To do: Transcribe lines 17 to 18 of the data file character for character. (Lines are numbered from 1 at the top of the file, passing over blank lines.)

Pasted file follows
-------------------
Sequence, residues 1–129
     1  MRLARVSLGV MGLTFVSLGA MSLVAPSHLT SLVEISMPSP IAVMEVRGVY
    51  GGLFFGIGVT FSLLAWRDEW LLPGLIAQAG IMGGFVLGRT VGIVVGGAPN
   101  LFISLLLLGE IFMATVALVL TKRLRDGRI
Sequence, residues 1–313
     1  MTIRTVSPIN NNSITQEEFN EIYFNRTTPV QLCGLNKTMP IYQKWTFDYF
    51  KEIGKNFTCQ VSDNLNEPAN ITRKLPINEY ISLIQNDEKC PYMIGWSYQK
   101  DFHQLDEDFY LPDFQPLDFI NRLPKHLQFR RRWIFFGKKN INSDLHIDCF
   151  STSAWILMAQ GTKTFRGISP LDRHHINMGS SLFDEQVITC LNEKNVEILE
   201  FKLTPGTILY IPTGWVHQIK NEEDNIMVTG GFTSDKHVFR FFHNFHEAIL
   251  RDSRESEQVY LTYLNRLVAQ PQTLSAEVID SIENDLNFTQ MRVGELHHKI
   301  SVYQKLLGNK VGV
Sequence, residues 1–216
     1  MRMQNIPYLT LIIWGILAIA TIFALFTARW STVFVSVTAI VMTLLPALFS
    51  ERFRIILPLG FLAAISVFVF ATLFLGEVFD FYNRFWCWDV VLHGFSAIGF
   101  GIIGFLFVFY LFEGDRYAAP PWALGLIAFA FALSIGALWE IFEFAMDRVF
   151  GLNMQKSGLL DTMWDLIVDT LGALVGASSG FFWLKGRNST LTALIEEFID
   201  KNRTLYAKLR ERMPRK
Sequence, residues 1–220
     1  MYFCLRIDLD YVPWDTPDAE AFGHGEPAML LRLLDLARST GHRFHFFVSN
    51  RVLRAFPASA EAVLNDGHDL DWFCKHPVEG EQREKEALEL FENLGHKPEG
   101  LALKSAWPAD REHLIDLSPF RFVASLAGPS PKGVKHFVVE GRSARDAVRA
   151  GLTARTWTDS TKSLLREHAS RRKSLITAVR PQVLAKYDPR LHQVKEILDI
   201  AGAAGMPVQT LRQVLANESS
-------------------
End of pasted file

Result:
   151  GLNMQKSGLL DTMWDLIVDT LGALVGASSG FFWLKGRNST LTALIEEFID
   201  KNRTLYAKLR ERMPRK